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Cited by 11 (0 self)
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A new theoretical analysis of the stopsignal paradigm is proposed. With the concepts of crude and net hazard functions, the nonobservable controllatency distribution can be estimated from observable reaction times. This result allows a test of Logan & Cowan's (1984) model without any simplifying assumptions. In studies using response time as the major dependent variable, the stopsignal procedure has been used by several investigators in an attempt to reveal the time course of hypothesized underlying sensory or cognitive processes or both (e.g., Lappin &Eriksen, 1966; Oilman, 1973). In this paradigm, subjects are given a primary reaction time task to perform, and a stop signal that tells subjects to withhold their responses is sometimes presented shortly after the primary stimulus. Logan and Cowan (1984) presented a theory of inhibition of thought and action that focuses on this paradigm. The purpose of this note is to present a new theoretical analysis of the stopsignal paradigm
Empirical recovery of response time decomposition rules I: Samplelevel decomposition tests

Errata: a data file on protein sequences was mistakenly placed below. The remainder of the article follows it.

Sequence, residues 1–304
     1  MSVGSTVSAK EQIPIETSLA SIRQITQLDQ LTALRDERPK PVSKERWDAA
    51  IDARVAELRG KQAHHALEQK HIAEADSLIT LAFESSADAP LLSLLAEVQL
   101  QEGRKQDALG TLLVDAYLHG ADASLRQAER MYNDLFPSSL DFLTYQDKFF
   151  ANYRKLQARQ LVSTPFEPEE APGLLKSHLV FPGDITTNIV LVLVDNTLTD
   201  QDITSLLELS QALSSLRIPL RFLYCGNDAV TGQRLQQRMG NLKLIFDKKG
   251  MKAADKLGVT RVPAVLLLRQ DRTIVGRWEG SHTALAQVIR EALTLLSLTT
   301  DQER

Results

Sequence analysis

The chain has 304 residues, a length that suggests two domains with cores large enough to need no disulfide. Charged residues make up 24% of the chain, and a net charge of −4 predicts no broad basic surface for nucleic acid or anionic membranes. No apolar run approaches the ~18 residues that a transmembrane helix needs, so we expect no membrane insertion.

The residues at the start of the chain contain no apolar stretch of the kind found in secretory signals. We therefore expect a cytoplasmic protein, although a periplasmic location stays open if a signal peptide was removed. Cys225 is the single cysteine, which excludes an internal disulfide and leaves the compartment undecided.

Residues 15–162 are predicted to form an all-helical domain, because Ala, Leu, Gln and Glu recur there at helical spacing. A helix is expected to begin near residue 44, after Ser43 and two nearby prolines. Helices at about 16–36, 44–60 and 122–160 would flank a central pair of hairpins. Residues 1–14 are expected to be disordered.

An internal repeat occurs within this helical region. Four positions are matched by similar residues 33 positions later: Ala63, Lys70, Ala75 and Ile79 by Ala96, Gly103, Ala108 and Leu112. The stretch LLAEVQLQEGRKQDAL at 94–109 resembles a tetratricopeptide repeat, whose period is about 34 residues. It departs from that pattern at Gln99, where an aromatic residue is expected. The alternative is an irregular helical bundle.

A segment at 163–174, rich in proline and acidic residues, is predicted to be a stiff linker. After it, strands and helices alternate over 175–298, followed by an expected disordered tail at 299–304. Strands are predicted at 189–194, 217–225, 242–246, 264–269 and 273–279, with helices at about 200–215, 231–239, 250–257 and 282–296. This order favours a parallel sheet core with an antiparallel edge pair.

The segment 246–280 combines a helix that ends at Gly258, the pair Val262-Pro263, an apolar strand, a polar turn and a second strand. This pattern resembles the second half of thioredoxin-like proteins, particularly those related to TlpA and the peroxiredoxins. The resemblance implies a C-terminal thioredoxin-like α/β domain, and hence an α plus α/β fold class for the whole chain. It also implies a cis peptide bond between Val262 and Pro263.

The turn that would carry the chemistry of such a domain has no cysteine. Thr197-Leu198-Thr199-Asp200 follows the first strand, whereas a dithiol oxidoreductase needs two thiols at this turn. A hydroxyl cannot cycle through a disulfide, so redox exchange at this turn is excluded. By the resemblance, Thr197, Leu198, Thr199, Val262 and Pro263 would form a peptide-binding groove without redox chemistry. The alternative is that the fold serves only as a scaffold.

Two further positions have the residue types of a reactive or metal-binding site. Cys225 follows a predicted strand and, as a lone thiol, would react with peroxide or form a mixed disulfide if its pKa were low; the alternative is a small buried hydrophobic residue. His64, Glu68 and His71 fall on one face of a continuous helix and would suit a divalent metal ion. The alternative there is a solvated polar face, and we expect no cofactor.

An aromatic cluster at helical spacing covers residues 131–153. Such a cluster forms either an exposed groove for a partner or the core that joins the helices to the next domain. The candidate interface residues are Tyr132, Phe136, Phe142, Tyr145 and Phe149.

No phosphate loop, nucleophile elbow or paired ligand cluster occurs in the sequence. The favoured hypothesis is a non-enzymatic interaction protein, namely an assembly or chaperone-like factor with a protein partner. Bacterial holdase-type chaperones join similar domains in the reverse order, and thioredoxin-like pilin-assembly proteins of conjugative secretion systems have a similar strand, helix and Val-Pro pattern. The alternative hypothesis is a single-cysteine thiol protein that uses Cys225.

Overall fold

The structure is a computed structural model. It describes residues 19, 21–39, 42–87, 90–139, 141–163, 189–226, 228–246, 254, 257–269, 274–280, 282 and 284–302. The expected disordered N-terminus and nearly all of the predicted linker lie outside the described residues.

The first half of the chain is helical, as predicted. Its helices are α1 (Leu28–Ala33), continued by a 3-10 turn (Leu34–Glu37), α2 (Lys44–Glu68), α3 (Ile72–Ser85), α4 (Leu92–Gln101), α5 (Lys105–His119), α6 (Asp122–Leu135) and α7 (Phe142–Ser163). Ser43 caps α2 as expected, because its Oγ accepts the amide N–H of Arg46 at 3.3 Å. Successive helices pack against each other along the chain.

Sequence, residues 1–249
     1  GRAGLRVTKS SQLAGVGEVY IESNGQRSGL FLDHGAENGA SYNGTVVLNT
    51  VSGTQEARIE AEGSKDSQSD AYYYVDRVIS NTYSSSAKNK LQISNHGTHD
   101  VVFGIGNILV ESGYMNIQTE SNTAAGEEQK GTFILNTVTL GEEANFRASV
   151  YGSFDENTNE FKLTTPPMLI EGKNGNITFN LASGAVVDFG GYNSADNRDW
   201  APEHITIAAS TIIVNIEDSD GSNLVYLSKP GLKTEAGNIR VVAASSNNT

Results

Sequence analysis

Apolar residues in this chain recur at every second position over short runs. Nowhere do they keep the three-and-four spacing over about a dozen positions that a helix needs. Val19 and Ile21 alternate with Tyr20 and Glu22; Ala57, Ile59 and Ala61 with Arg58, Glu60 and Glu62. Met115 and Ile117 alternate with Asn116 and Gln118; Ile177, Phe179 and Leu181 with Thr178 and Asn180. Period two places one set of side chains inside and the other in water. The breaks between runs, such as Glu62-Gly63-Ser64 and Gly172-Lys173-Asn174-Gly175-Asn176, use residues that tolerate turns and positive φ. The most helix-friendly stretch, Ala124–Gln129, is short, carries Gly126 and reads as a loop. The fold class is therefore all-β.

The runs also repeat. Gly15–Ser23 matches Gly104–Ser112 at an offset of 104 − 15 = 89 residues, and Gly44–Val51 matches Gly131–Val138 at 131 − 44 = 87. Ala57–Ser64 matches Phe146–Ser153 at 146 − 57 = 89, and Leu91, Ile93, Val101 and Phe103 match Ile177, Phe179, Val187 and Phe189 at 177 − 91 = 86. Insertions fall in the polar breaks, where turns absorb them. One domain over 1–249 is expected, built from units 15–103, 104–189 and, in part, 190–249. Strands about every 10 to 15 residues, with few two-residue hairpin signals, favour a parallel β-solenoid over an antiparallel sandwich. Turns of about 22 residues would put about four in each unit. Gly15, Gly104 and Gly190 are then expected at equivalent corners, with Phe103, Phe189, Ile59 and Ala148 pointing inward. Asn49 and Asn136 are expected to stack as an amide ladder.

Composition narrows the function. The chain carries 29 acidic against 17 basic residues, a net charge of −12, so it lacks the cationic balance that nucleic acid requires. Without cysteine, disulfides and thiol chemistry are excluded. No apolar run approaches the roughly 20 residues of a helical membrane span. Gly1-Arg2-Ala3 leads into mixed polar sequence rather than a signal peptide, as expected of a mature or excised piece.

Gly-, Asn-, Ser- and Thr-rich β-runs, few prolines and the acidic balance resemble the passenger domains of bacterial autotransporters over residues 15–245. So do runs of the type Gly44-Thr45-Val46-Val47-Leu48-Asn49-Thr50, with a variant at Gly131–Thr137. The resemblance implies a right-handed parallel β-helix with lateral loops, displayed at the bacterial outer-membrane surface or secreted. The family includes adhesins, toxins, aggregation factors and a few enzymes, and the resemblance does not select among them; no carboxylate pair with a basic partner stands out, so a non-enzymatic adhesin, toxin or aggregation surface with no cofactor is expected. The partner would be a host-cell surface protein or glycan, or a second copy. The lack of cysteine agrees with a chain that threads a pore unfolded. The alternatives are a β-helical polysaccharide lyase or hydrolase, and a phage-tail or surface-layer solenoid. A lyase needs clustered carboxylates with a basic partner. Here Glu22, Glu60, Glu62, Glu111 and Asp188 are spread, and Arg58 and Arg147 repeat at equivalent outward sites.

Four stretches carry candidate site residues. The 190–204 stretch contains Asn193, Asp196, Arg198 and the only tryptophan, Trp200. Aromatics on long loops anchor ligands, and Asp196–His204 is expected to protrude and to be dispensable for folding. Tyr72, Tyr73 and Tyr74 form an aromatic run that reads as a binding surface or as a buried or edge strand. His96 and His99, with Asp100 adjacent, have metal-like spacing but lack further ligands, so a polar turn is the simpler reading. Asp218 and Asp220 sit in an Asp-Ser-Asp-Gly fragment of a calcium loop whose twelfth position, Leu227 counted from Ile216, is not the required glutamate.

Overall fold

Journal of Mathematical Psychology
, 1996
"... Psychology, 39, 285314) developed a mathematical theory for the decomposability of response time (RT) into two component times that are selectively influenced by different factors and are either stochastically independent or perfectly positively stochastically interdependent (in which case they are ..."
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Cited by 9 (7 self)
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Psychology, 39, 285314) developed a mathematical theory for the decomposability of response time (RT) into two component times that are selectively influenced by different factors and are either stochastically independent or perfectly positively stochastically interdependent (in which case they are increasing functions of a common random variable). In this theory, RT is obtained from its component times by means of an associative and commutative operation. For any such operation, there is a decomposition test, a relationship between observable RT distributions that holds if and (under mild constraints) only if the RTs are decomposable by means of this operation. In this paper, we construct a samplelevel version of these decomposition tests that serve to determine whether RTs that are represented by finite samples are decomposable by means of a given operation (under a given form of stochastic relationship between component times, independence or perfect positive interdependence). The decision is based on the asymp
Mental architectures with selectively influenced but stochastically interdependent components
, 2003
"... The way external factors influence distribution functions for the overall time required to perform a mental task (such as responding to a stimulus, or solving a problem) may be informative as to the underlying mental architecture, the hypothetical network of interconnected processes some of which ar ..."
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Cited by 9 (4 self)